You’re submitting candidates and your hiring manager is turning them down again and again. Your candidates are getting into interviews and all of the sudden the deal is blowing up. It happens to the best of us and most of the time can be avoided with sound communication between the recruiter and the hiring manager.
The biggest problem that I run into with hiring managers is the split in communication. Oftentimes you’ll get the job requirement from the hiring manager and they’ll fill in the blanks, giving you a better understanding of the personality they’re looking for and what kind of person will fit well with their team.
The recruiter will start their search and find candidates based on what they understood on the initial conversation with the hiring manager and one of three things will happen:
The hiring manager will shoot down every candidate you submit. This is usually because of a misunderstanding between recruiter and hiring manager. Did you misinterpret the needs they have? What did you miss in that initial conversation?
Candidates will land an interview, but they are never the person your hiring manager is looking for. The hiring manager will say something like, “They weren’t a fit for my team” and shoot down the candidate despite how perfect they were on paper. Solve this problem by asking to quietly observe an interview.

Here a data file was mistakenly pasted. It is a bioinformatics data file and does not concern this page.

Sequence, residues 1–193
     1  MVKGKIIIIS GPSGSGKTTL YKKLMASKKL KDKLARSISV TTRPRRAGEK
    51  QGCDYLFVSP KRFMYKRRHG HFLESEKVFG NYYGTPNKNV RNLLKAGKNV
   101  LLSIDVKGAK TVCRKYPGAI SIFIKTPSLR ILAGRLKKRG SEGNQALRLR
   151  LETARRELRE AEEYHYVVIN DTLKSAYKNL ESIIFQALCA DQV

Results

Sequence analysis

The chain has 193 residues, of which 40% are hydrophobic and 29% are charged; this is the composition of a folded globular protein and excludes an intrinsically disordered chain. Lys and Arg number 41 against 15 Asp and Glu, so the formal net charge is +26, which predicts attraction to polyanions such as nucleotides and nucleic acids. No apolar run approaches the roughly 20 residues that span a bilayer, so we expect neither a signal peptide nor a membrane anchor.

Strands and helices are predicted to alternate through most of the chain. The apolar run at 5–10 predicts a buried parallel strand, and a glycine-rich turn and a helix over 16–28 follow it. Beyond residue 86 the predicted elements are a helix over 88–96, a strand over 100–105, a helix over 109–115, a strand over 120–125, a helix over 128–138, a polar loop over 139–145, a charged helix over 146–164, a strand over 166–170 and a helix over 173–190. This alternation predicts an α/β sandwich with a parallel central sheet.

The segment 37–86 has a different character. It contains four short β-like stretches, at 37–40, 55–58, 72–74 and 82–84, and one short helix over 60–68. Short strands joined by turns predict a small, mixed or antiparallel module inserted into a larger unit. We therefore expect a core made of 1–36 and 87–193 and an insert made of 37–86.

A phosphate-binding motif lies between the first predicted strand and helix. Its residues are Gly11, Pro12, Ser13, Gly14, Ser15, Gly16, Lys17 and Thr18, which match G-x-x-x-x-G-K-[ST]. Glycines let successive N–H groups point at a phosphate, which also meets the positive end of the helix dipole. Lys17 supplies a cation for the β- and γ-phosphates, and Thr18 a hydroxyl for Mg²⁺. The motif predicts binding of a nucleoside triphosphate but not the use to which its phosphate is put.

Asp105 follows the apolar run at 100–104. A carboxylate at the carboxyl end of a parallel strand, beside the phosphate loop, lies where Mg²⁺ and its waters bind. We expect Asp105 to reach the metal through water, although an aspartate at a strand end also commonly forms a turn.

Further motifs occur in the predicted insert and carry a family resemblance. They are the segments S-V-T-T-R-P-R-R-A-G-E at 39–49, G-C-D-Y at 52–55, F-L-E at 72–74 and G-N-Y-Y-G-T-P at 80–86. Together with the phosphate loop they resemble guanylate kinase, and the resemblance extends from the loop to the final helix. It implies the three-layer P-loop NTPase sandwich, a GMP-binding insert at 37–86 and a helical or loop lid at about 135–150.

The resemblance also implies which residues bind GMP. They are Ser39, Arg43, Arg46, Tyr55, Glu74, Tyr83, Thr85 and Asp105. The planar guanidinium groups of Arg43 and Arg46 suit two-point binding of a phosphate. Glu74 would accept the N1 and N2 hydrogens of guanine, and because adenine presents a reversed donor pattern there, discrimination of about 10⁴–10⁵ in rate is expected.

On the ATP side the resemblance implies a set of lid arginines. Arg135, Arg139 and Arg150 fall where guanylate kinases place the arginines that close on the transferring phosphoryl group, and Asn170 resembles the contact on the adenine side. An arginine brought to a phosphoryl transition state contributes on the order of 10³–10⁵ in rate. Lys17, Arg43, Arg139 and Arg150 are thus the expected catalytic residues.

A great example of this is a hiring manager I had worked with in past. None of my candidates were getting past the interview, so I asked if I could observe to figure out what was happening during the transition from paper to person. It turned out that the hiring manager was interviewing for a different job than I was recruiting. The weighted importance of the requirements was not matching up on paper, and the job wasn’t as junior as the hiring manager had implied. With two different jobs rolled into one, no wonder the managers were having a hard time filling the positions. We adjusted the questions and the job description to find more suited candidates.
The third situation? Everything works out perfectly.
Avoid sabotage by making sure that your hiring manager knows the importance of a good job description. When they ask for five years experience, ask them exactly what five years of experience in that position will give your candidate. Clarify what you don’t understand and get into specifics.
Everything comes down to an accurate job description and excellent communication between hiring manager and recruiter. If you have a bad job description, everything will slide from there.
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